Beddow said the strong performance of Elders shares in the past 12 months was a reflection of the Australian agriculture industry as a whole.

“A lot of these things were pretty depressed through the drought so the starting point was probably down but then with everyone eating at home that whole agriculture supply chain has done pretty well,” he said.

“There are not a lot of ag players in the country so Elders has done pretty well out of the combination of the drought breaking and everything else.”

Commodity prices including copper and oil took a hammering in March.

While copper prices have recovered the losses to be at about the same price as 12 months ago, oil is still down 32 per cent on this time last year.

Oz Minerals has copper/gold mines at Prominent Hill and Carrapateena in South Australia and increased its share price by 9 per cent for the financial year.

But the state’s major energy companies – Santos, Beach Energy and Cooper Energy endured losses between 22 and 32 per cent for the year.

Beddow said the copper price recovery and a number of positive market announcements had helped Oz Minerals end the financial year in growth.

“Most people who follow commodities like copper because it’s a lower risk way to pay the new world,” he said.

“You need copper in a lot of technology – trying to pick the next lithium or cobalt or graphene is a bit tougher but copper demand is going to be there.”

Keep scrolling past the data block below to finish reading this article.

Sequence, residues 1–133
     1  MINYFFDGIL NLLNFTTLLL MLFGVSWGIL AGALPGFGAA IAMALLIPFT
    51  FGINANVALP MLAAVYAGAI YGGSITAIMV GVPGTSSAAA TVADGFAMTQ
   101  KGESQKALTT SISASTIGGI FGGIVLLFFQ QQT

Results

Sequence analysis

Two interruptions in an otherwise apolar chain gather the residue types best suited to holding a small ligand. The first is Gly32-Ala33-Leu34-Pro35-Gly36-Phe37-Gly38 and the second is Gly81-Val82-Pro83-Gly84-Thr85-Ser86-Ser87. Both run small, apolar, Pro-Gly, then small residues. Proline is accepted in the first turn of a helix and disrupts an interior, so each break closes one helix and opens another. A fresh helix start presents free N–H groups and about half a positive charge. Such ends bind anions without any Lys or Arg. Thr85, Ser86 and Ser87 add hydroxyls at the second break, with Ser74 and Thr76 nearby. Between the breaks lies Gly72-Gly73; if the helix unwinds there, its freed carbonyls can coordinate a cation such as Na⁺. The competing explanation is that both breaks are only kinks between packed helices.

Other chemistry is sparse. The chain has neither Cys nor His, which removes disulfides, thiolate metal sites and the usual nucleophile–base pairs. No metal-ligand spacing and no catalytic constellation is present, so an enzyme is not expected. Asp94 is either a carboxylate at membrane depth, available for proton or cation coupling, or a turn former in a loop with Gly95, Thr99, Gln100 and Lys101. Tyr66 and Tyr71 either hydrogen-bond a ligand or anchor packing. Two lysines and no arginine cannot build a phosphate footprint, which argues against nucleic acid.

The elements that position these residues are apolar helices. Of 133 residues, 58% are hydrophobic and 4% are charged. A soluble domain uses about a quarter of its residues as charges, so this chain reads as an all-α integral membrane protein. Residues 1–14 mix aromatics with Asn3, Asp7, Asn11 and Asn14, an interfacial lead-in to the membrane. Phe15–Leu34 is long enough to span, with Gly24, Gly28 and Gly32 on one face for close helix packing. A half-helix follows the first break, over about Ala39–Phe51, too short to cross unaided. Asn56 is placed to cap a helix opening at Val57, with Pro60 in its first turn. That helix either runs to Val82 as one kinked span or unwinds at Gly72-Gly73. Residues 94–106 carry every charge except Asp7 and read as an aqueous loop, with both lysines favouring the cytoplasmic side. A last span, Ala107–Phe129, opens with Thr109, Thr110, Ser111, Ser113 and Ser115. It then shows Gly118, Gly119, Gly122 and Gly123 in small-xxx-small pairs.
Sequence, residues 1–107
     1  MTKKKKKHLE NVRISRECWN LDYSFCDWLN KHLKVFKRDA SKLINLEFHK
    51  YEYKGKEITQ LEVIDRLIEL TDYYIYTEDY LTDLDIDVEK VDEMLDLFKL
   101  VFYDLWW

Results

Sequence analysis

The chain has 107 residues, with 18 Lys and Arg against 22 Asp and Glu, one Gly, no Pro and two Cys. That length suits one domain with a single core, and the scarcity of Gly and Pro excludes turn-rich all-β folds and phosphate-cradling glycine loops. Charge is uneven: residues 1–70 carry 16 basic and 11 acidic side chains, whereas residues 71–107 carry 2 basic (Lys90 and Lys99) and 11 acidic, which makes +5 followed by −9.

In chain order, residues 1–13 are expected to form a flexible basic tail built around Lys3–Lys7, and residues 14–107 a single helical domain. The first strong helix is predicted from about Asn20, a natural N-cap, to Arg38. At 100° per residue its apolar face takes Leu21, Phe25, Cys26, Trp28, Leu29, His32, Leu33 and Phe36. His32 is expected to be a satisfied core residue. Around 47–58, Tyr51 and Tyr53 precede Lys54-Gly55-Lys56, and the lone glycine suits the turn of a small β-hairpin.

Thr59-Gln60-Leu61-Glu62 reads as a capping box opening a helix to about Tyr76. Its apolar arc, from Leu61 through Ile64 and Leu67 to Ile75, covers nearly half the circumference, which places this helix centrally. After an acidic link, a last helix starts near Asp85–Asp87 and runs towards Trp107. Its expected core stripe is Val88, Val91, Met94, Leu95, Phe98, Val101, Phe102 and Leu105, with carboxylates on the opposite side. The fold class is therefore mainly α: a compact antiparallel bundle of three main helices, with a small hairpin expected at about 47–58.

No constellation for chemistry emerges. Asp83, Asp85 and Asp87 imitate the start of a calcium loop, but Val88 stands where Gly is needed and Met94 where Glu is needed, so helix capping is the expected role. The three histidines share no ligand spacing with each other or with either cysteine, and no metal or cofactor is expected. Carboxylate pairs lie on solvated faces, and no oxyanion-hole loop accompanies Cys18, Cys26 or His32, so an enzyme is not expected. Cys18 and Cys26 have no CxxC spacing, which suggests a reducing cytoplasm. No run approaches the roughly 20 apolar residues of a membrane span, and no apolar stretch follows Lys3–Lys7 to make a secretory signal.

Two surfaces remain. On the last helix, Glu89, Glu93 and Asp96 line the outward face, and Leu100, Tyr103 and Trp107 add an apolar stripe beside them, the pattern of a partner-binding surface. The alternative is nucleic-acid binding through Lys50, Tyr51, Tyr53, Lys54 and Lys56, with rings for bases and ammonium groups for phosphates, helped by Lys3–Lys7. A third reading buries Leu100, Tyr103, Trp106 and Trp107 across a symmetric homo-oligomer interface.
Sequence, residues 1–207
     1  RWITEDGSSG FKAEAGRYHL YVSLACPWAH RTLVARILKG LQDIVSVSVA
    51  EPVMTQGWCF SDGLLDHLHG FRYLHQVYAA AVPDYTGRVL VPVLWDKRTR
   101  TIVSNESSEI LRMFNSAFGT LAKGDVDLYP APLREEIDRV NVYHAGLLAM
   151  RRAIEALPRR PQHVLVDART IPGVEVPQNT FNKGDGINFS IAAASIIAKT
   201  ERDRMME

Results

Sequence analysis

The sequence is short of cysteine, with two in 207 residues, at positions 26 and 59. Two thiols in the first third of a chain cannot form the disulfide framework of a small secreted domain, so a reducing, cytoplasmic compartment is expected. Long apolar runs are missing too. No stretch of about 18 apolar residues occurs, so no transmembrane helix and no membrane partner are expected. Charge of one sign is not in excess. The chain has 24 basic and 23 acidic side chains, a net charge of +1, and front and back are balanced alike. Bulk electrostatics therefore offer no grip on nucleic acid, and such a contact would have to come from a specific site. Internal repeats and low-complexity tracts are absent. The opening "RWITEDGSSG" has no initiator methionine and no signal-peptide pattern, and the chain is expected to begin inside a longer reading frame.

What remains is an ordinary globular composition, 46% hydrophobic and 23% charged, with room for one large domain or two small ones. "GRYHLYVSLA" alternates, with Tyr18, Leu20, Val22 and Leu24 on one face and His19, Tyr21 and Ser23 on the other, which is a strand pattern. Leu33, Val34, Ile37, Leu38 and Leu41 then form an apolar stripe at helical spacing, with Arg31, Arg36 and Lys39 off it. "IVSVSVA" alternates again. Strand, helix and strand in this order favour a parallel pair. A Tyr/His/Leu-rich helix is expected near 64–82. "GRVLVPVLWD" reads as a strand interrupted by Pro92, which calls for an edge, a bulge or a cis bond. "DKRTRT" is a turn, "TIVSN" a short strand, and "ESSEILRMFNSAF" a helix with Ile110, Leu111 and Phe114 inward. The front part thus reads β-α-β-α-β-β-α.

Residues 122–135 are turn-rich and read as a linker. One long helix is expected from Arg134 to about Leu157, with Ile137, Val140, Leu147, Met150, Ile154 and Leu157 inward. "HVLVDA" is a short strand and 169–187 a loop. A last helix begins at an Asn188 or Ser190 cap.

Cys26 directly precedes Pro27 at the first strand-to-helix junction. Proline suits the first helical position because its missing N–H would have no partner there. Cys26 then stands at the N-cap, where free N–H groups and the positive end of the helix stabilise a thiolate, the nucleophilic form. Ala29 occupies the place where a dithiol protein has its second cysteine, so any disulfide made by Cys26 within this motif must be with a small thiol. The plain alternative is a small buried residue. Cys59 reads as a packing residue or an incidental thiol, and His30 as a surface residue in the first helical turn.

However, Beddow said continued sluggish demand as COVID-19 continued to limit travel meant energy stocks would likely continue to have a tough time.

“If you just plot their share price with the oil price then you’d probably find a pretty strong correlation I would have thought,” he said.

“Driving demand might come back and anecdotally it looks like it’s bouncing back round the world pretty quickly but we can’t see airline travel being back to where it was for years perhaps so there is still a bit of a mismatch with the oil price.

“The energy stocks are in for a challenging time – the oil price has bounced from US$20 to $40 but at $40 a lot of the projects that most of the Aussie energy companies are looking at are probably pretty marginal.”

Beddow said end of financial year reporting season in six-to-eight weeks would be insightful particularly among companies that withdrew guidance earlier in the year.

He said the market may not fully settle back into a steady rhythm until the 2022 financial year.

“If you look back over the last three months you wouldn’t have predicted it in a million years so I think it’s pretty hard to call the next three-to-six months.

“We’ve got the US election, which might not have a huge impact on Australia but we tend to follow the US market pretty closely and we just have to see how bad the COVID situation gets.

“We’ve got reporting season and I don’t think companies are going to have a lot of confidence in what the next six months are going to look like.

“There’s going to be more volatility, whether it be COVID, political or trade related – the market is pretty skittish.”